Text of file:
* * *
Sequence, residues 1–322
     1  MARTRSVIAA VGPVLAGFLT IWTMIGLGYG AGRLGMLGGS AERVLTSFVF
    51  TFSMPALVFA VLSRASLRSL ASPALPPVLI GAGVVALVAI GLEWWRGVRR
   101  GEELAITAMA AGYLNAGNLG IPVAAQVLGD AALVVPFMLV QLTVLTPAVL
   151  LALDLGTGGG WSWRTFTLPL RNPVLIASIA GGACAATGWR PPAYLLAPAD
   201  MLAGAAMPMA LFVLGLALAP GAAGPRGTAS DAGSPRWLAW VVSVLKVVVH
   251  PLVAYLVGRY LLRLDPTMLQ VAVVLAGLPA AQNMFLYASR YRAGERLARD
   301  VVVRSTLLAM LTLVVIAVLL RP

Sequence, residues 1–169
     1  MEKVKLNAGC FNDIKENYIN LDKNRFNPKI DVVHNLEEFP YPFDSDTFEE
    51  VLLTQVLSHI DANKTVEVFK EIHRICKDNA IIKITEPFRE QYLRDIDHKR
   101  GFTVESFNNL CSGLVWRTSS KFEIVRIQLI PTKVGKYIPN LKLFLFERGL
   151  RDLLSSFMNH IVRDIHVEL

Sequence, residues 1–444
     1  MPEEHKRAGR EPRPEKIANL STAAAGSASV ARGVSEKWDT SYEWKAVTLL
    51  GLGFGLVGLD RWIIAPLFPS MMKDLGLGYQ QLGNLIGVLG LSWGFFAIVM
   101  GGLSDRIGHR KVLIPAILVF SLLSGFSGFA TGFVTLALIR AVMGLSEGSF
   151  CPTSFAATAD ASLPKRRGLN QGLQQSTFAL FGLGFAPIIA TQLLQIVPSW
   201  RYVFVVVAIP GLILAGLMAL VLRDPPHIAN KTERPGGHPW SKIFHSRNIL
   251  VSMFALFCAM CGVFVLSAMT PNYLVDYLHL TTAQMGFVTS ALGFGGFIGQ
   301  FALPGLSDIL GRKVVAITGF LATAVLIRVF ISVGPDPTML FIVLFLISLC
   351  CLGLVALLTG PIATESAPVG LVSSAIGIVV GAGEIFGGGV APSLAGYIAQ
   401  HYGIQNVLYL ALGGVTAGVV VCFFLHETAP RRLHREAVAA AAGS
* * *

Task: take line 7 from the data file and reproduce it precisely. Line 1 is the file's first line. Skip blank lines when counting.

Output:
   251  PLVAYLVGRY LLRLDPTMLQ VAVVLAGLPA AQNMFLYASR YRAGERLARD